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Visualize Colors From Storyboard XML Files

I’m adopting dark mode for iOS 13 that’s due to ship sometime in September. Part of it was refactoring a huge storyboard file.

The Problem

Every single screen of the application was included in this single storyboard. That’s not great to start, but the worst thing was that all the colors used in the file were not consistent.

One blue would have a specific r g b value in one place and a different one (by a few digits) in another, but it was obviously the same color in both. This way a simple find a replace in the XML would not work. Using the Xcode visual tools (how you usually work with storyboard) by hand going through each screen was going to be VERY time consuming since every single change had to be done manually. For each color the steps would have been something like this:

  • Check the rgb values for this color
  • Check in the asset catalogue if that specific color existed
    1. If it did use that namedColor
    2. If it did not, find if a suitable color existed and use that instead
    3. If it did not, create a new namedColor and assign it the correct RGBA values
    4. In all cases assign the new color to the item in the storyboard file

The main bottleneck was that I needed to use the visual tools in xcode to figure out if the colors were similar, but at the same time I wanted to find a way to at least search and replace all occurrences of a specific color with the corresponding namedColor once found.

Existing Tools

I’ve looked for a tool to convert storyboard colors to ‘visual colors’ for a while, but only found color pickers that gave you the swift or objective-C code to create them. I could just manually copy the rgb values, multiply them by 255 and paste them in the various tools to get the color, but that was going to be way too long and frustrating.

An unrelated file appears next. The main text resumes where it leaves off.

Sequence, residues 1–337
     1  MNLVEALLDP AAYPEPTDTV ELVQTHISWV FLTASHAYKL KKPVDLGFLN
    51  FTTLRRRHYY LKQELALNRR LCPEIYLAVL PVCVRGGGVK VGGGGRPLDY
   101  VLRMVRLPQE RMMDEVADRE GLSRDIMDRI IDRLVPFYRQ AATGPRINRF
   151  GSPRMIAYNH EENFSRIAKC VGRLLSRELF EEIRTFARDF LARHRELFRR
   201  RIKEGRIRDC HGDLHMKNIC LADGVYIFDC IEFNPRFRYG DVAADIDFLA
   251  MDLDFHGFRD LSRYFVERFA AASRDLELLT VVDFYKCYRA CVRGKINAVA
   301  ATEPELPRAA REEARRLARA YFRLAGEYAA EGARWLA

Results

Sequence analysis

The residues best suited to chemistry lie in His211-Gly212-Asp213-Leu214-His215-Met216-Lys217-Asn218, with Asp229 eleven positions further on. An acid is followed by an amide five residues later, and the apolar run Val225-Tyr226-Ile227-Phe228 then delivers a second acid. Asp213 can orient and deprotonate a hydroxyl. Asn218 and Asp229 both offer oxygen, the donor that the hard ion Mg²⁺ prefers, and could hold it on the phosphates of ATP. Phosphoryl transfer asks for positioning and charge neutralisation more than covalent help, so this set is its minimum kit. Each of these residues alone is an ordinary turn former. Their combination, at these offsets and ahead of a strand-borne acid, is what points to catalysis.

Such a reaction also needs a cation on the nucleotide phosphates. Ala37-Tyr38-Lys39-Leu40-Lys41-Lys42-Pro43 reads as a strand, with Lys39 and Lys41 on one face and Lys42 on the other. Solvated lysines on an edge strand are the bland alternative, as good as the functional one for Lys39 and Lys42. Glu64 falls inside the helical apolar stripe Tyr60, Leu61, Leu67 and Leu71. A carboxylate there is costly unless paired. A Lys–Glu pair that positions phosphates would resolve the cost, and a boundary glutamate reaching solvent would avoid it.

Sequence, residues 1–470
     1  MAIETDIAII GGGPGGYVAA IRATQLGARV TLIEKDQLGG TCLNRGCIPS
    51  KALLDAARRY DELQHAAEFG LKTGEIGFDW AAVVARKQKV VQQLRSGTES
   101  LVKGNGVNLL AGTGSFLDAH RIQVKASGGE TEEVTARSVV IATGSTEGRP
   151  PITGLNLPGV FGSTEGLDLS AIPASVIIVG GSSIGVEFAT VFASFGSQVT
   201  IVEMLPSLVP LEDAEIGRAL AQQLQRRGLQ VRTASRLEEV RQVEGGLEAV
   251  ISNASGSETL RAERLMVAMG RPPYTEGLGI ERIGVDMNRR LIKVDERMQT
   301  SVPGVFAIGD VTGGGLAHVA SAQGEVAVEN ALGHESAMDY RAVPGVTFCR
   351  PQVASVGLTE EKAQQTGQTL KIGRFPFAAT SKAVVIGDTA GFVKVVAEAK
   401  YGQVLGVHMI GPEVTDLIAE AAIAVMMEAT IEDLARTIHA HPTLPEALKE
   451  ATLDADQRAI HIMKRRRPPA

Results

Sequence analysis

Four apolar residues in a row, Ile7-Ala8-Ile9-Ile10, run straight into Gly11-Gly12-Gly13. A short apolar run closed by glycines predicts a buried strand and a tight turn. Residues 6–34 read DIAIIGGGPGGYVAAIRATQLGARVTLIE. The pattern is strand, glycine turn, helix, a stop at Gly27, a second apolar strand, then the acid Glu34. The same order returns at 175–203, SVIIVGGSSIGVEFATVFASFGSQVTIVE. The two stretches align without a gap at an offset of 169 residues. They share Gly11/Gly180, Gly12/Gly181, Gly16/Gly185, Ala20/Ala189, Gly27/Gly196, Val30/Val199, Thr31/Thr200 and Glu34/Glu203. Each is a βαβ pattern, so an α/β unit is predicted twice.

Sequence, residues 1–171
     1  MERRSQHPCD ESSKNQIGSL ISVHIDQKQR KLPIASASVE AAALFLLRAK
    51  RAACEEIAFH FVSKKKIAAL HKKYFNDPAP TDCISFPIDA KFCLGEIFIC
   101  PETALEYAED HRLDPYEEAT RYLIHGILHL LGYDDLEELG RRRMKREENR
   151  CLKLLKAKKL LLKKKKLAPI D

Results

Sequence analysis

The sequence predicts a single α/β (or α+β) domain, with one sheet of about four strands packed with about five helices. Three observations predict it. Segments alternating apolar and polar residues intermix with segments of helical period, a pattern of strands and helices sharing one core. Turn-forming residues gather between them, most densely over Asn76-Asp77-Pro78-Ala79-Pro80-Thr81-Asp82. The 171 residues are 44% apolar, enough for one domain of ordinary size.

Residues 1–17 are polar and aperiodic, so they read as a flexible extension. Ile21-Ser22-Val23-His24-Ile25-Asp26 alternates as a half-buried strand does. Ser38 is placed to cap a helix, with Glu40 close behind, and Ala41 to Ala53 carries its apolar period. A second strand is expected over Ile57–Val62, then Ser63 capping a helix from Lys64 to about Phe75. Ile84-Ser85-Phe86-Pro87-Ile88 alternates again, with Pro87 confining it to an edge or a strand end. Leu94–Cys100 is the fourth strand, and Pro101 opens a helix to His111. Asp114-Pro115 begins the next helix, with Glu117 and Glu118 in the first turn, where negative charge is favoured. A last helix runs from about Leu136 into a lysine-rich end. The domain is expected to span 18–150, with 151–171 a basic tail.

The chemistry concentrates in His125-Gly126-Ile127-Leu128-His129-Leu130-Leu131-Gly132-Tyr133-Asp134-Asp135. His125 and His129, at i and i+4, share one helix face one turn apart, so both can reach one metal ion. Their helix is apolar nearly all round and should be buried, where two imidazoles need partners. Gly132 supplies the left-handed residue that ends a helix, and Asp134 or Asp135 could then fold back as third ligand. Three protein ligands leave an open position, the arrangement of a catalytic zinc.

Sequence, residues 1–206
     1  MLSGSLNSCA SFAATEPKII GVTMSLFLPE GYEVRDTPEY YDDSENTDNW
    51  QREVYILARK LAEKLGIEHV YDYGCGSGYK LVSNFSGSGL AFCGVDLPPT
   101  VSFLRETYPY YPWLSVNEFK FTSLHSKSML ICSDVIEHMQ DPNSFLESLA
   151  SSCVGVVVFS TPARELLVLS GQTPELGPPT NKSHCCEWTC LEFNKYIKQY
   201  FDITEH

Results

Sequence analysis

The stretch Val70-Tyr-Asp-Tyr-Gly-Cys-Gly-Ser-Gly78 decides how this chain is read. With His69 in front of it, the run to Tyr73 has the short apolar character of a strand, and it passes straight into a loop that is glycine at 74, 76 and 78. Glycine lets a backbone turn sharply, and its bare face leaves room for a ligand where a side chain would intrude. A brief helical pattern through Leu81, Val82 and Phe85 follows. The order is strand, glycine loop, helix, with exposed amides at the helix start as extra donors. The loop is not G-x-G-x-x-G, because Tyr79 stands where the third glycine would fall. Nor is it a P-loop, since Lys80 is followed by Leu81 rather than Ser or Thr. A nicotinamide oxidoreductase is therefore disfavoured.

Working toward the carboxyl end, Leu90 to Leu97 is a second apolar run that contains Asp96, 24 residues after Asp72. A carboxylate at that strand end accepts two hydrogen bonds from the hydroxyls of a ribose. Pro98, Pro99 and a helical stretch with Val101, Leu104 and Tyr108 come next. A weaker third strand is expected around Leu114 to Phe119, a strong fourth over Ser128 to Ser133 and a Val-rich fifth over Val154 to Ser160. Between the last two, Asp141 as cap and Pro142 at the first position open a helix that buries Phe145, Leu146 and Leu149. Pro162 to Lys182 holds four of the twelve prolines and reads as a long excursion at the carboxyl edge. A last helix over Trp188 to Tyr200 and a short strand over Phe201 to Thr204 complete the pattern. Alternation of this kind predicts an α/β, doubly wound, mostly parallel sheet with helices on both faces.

The Solution

I decided to create a little application with Flutter for the Web so that I could paste it the exact code from the storyboard file and take a look at the color so I could both quickly decide the correct name to file the namedColor under and find out if it was similar to an already existing color.

The code for a generic clear color in the xml is:

            <color key="backgroundColor" red="0" green="0" blue="0" alpha="0" colorSpace="custom" customColorSpace="sRGB"/>

Once done, I would move to the bottom of the story board and create a few named colors for each de-duplicated colors that remained:

<namedColor name="clearColor">
            <color red="0" green="0" blue="0" alpha="0" colorSpace="custom" customColorSpace="sRGB"/>

Finally now a find and replace for red="0" green="0" blue="0" alpha="0" colorSpace="custom" customColorSpace="sRGB" with name="clearColor" would replace all occurrences. I’m sure it could have been automated further, but at least the process of figuring out which colors are similar enough to be merged and which are not is not.

I’m going to write a more in depth article on the Flutter application over the next few days.

Try It Out

Notice: It being online does not mean it is production ready. It is still a very early alpha.

You can find it live as Storyboard Color on CodeMagic. You can paste the code of a color from a storyboard file to start or you can use this example: <color key="backgroundColor" red="1" green="1" blue="1" alpha="1" colorSpace="custom" customColorSpace="sRGB"/> `

It’s mostly a tool to speed up development and nothing else at this time. I decided to promptly release it since it’s going to be really useful to anyone trying to migrate a storyboard heavy application to dark mode.

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Valentino Urbano



Valentino Urbano

iOS Developer, Swift, Writer, Husband

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